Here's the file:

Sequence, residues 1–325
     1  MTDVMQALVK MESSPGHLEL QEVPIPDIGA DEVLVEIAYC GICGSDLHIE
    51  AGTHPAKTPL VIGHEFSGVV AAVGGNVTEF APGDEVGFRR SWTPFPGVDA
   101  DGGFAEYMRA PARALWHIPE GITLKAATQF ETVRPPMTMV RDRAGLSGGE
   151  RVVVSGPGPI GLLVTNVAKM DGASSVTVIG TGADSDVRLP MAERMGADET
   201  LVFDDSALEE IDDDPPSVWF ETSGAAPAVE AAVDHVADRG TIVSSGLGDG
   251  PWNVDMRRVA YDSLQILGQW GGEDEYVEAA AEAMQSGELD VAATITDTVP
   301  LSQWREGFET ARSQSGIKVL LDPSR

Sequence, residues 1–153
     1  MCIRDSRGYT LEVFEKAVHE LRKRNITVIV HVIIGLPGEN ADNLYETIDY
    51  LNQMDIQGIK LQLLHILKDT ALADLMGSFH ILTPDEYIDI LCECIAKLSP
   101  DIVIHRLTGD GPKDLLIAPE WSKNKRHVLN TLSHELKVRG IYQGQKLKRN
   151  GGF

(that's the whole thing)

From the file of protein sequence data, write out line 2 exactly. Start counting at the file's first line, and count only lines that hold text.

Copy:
     1  MTDVMQALVK MESSPGHLEL QEVPIPDIGA DEVLVEIAYC GICGSDLHIE